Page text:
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Government finally releases Sh33 billion for roads maintenance

By Allan Mungai | February 21st 2019

The Government has released Sh33.4 billion for maintenance of roads.

Kenya Roads Board (KRB) has given the bulk of the money, Sh12.8 billion, to Kenya National Highways Authority (KeNHA) to rehabilitate trunk roads countrywide.

Up to Sh8 billion of the money from Road Maintenance Levy Fund (RMLF) has been given to Kenya Rural Roads Authority (KeRRA), while Kenya Urban Roads Authority (KURA) has received Sh3.4 billion.

County governments have been allocated Sh4.1 billion and Sh228 million given to Kenya Wildlife Service (KWS) to maintain roads in national parks.

Another Sh4.8 billion was given to the Ministry of Transport for emergencies and maintenance of roads under Road Sector Investment Programme.

RMLF was established in 1993 to cater for maintenance of roads. The fund is raised from fuel levy on petroleum products and transit toll collections.

In a notice, KRB said the funds had been released to all compliant agencies to implement road works contained in the 2018/19 Annual Public Roads Programme.

KRB Deputy Public Relations Manager Rosemary Wangui said the funds were released to the road agencies and county governments conditionally according to the approved disbursement schedule.

“If an agency has not met conditions or has misappropriated funds or allocated it to purposes other than road maintenance, then the funds are withheld,” Wangui said.

Kiambu, Murang’a, Kirinyaga, Nyeri, Nyandarua, Laikipia, Meru, Isiolo, Tharaka Nithi and Embu, have collectively received Sh709 million through the counties’ kitty.

The money has been disbursed to county governments’ bank accounts.

The money is shared based on a legislated formula of 40 per cent to KeNHA, 21.8 per cent to KeRRA, 10.2 per cent to KURA, 1 per cent for KWS and 15 per cent to counties.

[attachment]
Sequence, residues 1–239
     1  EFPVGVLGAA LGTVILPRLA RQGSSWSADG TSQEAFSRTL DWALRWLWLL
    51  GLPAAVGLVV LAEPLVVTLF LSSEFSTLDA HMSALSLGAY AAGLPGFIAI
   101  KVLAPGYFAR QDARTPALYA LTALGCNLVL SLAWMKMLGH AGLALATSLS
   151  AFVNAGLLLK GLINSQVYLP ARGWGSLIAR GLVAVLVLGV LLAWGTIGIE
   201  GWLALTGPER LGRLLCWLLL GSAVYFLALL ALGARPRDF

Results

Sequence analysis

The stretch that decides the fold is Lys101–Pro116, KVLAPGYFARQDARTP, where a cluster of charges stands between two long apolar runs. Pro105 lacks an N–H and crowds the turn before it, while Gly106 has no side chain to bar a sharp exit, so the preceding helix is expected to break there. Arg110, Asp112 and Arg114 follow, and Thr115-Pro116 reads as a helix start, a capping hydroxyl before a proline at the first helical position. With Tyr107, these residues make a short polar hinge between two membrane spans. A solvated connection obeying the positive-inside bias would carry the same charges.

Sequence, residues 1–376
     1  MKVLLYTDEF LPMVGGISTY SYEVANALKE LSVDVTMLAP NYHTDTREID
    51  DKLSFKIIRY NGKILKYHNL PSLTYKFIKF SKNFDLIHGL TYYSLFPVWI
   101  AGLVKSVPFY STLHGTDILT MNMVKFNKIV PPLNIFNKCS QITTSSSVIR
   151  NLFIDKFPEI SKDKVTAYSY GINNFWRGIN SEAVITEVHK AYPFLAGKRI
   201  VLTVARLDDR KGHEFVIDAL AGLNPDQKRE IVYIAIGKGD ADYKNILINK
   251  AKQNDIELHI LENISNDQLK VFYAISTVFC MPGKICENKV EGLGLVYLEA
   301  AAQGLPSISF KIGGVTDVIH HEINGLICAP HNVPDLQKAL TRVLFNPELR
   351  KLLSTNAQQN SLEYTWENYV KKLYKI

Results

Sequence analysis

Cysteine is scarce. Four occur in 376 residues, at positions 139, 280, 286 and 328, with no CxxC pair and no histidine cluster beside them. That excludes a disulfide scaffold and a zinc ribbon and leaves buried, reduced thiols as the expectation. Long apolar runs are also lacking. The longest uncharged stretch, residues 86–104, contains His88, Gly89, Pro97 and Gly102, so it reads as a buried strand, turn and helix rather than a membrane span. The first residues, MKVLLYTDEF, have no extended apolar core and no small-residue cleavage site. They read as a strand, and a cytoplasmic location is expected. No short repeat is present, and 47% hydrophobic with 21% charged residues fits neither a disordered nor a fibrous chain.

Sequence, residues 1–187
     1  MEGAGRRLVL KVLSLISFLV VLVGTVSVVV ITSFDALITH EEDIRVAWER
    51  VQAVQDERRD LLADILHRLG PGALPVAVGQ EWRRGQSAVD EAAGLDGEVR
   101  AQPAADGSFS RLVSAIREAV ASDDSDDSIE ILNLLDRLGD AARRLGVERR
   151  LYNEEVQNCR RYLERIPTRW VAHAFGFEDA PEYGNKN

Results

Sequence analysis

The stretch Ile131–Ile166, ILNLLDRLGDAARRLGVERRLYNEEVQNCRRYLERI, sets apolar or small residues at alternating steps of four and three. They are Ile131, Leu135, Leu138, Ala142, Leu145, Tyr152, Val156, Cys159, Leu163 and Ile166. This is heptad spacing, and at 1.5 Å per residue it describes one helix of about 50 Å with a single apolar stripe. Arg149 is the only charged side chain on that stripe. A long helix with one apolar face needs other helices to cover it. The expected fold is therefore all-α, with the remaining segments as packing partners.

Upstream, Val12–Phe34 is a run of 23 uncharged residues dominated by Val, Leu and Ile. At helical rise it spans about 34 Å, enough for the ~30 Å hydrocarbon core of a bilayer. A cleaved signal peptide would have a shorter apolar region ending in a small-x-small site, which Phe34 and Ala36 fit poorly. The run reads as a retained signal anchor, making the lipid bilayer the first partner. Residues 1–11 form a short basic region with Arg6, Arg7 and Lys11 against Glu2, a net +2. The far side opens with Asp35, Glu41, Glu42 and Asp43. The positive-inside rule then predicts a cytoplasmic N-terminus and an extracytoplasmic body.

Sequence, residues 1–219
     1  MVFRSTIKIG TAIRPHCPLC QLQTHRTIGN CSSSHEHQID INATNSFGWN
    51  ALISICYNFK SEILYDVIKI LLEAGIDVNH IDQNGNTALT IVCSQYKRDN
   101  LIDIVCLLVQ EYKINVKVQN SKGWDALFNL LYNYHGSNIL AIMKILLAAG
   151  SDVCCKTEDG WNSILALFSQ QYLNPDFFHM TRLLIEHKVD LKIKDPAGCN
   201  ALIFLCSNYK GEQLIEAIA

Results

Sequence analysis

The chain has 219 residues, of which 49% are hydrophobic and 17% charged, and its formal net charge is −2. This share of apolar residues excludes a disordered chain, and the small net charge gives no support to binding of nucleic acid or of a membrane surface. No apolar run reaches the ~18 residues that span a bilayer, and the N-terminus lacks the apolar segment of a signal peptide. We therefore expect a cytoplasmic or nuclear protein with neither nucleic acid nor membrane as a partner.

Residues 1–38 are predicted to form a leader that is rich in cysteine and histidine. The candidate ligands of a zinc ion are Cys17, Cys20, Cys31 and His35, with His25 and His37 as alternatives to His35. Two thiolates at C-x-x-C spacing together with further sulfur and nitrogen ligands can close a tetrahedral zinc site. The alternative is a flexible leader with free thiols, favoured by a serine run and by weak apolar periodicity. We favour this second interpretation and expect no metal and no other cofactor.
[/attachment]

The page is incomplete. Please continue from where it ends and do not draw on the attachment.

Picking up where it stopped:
KRB retains 10 per cent, which it allocates to the agencies on a case-by-case basis, and another two per cent is used for its operations.

A KRB report said the agencies had planned for maintenance of 80,537km - half of the country’s total road network - during the 2018/19 fiscal year.

The report further states that despite the fact that fuel levy collections increased by about 30 per cent following increase of fuel levy rate from Sh12 to Sh18 per litre in June 2016, the money was still inadequate due to backlog in road maintenance.

“To generate additional funds, the Government is considering alternative financing mechanisms such as incorporating long-term infrastructure bonds, public private partnerships, introducing levies on motor vehicle insurance and annual licenses and levies on outdoor advertisements.

“Current estimates show Sh60 billion could be generated annually from these potential sources,” KRB said in its 2018/19 Annual Public Roads Programme report.

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